We are Challengers. We are Contrarian. We are Curious.
You may not see what we see. You may not like what we find. Indeed, you may not initially agree with our recommendations but our curiosity will deliver a frank and honest assessment of business performance and what needs to be done.
Our passion and belief in value-creation often puts us at odds with the established narrative. We know that adopting a value-based philosophy delivers increasing shareholder value. There are plenty of examples to prove the point. And there are too many examples of companies which have ignored shareholder value in the pursuit of revenue or have embraced the ideology of ‘earnings-based measures’ to their ultimate detriment.
Our findings are often challenged – the reaction via some of the world’s media regarding our work in sport is a good benchmark in this regard. It is an entirely expected response from a world that is generally measuring business performance incorrectly.
We use the economic profit metric as the basis of our value assessment. As a financial performance measure, the transparency it demands gives no quarter. It is the most prescient measure for business performance. This is the building block of your future success.
Creating Shareholder Value
Facing The UncomfortableTruth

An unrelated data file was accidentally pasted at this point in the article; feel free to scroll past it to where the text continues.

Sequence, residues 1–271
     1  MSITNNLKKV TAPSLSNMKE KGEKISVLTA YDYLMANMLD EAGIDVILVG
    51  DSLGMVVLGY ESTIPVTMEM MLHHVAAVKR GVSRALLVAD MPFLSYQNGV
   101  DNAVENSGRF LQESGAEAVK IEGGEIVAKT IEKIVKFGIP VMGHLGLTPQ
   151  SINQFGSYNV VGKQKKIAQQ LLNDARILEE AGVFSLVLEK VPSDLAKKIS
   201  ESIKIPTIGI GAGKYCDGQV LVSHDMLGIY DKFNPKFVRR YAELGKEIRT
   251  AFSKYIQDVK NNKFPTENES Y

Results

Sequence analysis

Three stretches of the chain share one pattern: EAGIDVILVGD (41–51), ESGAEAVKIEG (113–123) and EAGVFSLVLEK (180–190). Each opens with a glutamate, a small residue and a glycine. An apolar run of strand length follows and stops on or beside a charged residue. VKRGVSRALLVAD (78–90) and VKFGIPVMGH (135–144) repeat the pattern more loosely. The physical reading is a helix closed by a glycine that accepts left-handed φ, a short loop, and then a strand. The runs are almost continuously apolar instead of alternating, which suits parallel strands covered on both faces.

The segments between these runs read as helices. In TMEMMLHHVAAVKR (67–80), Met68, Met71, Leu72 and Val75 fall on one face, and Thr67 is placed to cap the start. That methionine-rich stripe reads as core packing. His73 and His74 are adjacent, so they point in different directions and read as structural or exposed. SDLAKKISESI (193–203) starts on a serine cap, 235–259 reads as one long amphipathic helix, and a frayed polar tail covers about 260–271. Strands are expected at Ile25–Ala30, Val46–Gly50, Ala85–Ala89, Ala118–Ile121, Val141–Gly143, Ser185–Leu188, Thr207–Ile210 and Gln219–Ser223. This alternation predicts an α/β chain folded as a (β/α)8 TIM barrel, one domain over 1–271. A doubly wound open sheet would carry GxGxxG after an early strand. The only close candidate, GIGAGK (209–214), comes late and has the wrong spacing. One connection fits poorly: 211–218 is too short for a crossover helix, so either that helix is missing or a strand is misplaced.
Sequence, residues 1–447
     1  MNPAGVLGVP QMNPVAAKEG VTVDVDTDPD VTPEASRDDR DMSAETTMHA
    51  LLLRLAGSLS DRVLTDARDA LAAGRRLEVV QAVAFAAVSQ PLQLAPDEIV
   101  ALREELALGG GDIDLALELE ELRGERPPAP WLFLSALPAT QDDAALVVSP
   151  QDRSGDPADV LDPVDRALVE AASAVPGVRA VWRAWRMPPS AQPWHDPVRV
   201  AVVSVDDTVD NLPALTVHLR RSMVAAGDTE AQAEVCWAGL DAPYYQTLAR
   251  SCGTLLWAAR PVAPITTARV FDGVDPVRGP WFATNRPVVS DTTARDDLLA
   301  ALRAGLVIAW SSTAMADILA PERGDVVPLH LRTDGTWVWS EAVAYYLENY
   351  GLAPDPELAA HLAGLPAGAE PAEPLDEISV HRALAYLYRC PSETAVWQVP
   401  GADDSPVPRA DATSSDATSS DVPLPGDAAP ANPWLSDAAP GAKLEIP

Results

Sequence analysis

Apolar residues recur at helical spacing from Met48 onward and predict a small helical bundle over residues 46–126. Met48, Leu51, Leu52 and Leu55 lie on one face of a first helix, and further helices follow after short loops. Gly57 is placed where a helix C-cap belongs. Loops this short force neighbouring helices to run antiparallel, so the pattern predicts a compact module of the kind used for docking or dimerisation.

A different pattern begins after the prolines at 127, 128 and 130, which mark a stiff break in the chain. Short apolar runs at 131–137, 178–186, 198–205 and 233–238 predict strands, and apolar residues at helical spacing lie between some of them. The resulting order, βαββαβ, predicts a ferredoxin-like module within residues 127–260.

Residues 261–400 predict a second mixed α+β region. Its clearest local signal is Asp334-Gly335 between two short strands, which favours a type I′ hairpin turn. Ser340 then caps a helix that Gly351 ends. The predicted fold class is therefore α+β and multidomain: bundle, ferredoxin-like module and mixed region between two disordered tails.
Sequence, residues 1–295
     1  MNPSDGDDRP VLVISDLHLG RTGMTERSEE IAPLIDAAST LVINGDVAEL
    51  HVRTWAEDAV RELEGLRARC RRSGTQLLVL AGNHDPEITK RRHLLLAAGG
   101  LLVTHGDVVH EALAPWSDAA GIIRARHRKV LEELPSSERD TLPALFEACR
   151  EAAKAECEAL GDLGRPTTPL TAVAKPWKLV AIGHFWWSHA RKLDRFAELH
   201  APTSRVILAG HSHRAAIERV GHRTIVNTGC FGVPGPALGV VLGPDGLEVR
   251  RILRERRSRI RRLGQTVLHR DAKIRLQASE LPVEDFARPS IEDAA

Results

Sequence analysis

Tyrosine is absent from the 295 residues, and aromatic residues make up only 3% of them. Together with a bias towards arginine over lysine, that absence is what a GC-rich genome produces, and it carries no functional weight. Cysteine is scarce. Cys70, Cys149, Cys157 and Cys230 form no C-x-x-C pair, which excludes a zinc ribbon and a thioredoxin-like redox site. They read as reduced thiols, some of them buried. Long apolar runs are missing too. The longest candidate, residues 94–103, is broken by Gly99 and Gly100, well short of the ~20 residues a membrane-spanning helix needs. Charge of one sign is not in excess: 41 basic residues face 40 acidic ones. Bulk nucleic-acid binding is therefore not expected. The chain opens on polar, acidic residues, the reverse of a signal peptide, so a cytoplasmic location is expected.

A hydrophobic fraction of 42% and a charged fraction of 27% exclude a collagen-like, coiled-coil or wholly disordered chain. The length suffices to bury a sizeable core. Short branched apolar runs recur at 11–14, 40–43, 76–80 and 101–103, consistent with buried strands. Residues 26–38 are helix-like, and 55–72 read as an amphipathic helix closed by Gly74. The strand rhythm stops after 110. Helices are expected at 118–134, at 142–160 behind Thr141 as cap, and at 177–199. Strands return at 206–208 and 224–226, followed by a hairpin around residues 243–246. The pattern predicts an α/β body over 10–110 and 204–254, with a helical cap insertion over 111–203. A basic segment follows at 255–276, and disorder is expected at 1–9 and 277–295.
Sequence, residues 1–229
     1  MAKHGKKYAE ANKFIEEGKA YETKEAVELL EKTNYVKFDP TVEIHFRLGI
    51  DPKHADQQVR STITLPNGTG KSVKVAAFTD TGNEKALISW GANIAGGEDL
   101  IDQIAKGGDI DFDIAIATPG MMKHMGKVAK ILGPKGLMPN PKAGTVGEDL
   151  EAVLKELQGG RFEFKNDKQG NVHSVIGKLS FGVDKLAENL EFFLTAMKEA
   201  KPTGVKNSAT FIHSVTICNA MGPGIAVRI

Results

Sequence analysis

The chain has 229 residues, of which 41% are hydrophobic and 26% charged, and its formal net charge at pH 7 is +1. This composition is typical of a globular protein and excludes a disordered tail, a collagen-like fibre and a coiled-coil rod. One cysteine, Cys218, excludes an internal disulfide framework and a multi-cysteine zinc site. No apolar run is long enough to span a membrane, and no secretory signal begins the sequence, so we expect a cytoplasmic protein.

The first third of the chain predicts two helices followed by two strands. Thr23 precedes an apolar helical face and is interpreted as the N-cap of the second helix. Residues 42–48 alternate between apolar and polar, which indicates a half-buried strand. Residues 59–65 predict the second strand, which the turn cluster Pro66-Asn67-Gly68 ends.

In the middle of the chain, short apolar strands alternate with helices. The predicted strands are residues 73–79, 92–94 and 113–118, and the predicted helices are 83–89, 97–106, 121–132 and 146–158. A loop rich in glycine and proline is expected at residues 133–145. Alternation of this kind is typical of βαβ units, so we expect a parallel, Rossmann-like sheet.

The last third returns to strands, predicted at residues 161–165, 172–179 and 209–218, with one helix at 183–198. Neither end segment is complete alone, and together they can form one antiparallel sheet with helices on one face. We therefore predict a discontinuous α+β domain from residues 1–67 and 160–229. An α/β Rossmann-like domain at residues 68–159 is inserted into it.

The usual range of reactions we get when delivering an intial economic profit-based assessment to Chief Executives, Boards of Directors and major shareholders show certain parallels to the stages of grief described by the Kubler-Ross model – Denial, Anger, Bargaining, Depression, Acceptance.
Denial and Anger
We invariably face denial in that the identifying metric –economic profit -is often labelled as ‘unsuitable’, ‘inappropriate’ or just ‘plain wrong’. Indeed, ‘This cannot be right’ or ‘I don’t believe your findings’ tend to be some of the more common reactions. Anger comes in many forms but it tends to arise when we go beyond the 'established' measurement norms in order to identify the value dynamics within the business.
We sometimes see this emotion in play as senior management grapple with our analysis and question the findings by trading alternative scenarios as a form of performance justification.
Not so much the 'blues' but an acknowledgement of the 'reds' in the economic profit performance profile. The scale and magnitude of the problem begins to dawn.
It is a challenge to transition to a value-based philosophy. But the potential rewards for shareholders and stakeholders can be substantial. We work with the business to design and implement appropriate value-creating strategies. But we don't just leave it there. We also equip the business with the relevant skills to maintain and develop further value-creating capabilities so that it becomes a self-reliant, value-driven enterprise.